“That’s a common objection that we hear from people. They say, ‘Wi-Fi isn’t secure because it’s radio waves,’” he said. “It travels outside my building; it travels in places I don’t want it to go. In fact, some customers have asked us to engineer their Wi-Fi network so that the signal doesn’t cross the outer threshold of the building or the fence line or that sort of thing, and it’s really an ineffective way of trying to build in security. It’s actually a false sense of security to do it that way.”
Green said the Wi-Fi system itself has security built in so there isn’t a need to worry about where those signals travel.
“But people have that perception that their wired network is going to be more secure just because people have to get into the building,” he said.
Does wired mean more secure?
Green argued that gaining physical access to a building may not be as difficult as people think, and if access is gained, it likely wouldn’t be difficult to access the network.
“There are many types of people who can be authorized to be in a building – visitors, repair people, guests for a meeting,” he said. “If they’re left alone in a conference room, those wired ports are sitting right there and nothing really stops them from plugging into it. In fact, sometimes that is how they are encouraged to get guest internet access, by plugging into a port. That could be a port that is set up specifically for guest access, but more than likely it’s probably just connecting to the internal network.”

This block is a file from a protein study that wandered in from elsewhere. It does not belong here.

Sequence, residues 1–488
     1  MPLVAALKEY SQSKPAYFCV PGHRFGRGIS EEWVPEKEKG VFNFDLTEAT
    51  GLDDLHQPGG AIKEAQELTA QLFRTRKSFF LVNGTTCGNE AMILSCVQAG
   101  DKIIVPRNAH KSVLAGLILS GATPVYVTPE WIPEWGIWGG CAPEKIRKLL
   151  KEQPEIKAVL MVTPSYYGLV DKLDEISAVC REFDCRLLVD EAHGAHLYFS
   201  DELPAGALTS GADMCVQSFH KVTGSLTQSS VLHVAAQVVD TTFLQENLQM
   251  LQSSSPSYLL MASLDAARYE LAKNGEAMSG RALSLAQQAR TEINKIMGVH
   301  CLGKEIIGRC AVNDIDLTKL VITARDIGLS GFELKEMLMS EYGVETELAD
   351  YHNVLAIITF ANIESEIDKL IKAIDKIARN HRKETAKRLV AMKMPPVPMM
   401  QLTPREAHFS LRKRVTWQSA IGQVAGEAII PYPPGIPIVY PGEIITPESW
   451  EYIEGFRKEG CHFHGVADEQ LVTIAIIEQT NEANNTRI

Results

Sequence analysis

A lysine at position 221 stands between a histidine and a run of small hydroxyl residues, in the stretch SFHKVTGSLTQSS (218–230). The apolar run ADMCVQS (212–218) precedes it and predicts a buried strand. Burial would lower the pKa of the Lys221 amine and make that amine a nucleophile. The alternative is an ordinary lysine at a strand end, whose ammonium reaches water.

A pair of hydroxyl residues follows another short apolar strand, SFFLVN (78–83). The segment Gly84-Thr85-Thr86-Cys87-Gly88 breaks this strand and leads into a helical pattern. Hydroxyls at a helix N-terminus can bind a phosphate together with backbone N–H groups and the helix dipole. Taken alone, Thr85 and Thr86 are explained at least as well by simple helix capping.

From there, damage could be done rather quickly. But gaining network access is much harder to do through Wi-Fi.
“Wi-Fi has authentication built in, so to use it, I need to prove who I am to the network, whether that’s through a password or a smart card. And, the network has encryption built in, so that people listening to that communication can’t monitor it. And it has access control built in,” Green said. “With the advanced authentication and policy capabilities that Wi-Fi delivers, I can say that I want my inventory bar code scanners that are used in a warehouse to have access only to this type of file or application while I want corporate laptops to have much broader access to other information, and corporate laptops issued to top level executives to have even wider access still. That’s something that I can do with Wi-Fi very easily. It’s much more difficult to do that on wired networks. So we actually make the statement that wireless is more secure than the average wired network.”